This blog has received a large number of emails and phone calls offering support, with the common themes that the 'guidance' is both arbitrary and unnecessary, and that the blog has never in its seven years' existence published a single post that has called into question the integrity or impartiality of the judiciary at any level. Many people have said that it is a valuable resource (even being recommended reading for a number of degree and 'A'- level courses) that has helped to dispel myths and ignorance about the courts, and has been instrumental in persuading a considerable number of people to apply to join the bench. It was one of The Times '40 blogs that really count'.
This is a responsible blog however, so a few changes have been made today. It is now written by a team and all posts are signed by the team, and not any individual. Its mission remains to inform, to argue for improvements to justice, and occasionally to amuse.
The Guidance says, inter alia,
Blogging by members of the judiciary is not prohibited. However, officer (sic) holders who blog (or who post comments on other people’s blogs) must not identify themselves as members of the judiciary.
They must also avoid expressing opinions which, were it to become known that they hold judicial office, could damage public confidence in their own impartiality or in the judiciary in general.Will continue as before - never have and never will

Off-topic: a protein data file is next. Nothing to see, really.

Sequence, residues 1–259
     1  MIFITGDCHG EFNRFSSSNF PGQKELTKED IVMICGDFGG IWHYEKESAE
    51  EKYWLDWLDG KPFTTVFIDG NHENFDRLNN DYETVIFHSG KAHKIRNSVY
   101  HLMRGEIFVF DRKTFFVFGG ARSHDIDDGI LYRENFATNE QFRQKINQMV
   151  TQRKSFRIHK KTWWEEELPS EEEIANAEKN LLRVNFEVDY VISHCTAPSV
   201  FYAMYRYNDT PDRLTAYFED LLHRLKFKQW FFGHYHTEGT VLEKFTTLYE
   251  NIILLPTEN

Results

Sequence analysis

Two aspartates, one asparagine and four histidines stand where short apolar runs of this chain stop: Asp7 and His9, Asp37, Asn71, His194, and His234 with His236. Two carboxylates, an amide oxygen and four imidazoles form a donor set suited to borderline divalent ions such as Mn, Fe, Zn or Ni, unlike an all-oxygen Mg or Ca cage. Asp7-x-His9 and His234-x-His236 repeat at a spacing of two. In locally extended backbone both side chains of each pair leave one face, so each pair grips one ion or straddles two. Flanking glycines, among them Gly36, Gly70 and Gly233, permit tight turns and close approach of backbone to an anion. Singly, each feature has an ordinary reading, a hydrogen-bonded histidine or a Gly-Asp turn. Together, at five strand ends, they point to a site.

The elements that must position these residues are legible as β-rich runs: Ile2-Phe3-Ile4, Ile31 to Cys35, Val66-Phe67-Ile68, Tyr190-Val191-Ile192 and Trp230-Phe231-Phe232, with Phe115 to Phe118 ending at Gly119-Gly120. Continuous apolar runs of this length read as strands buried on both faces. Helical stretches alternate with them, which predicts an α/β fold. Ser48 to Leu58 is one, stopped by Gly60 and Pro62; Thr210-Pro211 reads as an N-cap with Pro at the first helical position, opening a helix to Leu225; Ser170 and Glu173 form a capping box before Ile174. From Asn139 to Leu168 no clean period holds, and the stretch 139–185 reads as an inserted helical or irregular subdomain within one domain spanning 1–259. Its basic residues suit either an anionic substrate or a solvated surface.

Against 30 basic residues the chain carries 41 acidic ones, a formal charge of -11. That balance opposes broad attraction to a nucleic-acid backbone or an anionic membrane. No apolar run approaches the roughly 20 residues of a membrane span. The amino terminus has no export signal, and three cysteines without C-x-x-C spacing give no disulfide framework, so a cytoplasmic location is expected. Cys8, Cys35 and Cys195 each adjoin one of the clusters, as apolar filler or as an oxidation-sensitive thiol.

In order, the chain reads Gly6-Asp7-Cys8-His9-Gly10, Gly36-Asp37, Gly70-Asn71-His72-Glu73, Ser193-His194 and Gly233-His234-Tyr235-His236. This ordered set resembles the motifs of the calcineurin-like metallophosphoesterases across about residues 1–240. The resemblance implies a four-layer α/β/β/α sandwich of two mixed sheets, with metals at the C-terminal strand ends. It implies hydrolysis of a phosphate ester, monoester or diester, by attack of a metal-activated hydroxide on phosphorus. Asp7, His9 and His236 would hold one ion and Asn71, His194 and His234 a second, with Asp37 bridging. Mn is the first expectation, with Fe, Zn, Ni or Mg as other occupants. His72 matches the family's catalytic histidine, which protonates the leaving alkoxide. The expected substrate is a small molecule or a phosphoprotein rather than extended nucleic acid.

The above guidance also applies to blogs which purport to be anonymous. This is because it is impossible for somebody who blogs anonymously to guarantee that his or her identity cannot be discovered.Noted
The blog is confident that no such material exists. It is simply not practical to search through well over two thousand posts written over seven-and-a-half years , not to mention tens of thousands of comments.Judicial office holders who maintain blogs must adhere to this guidance and should remove any existing content which conflicts with it forthwith.
Noted. We shall study the guidance as soon as it is made available.Failure to do so could ultimately result in disciplinary action. It is also recommended that all judicial office holders familiarise themselves with the new IT and Information Security Guidance which will be available shortly.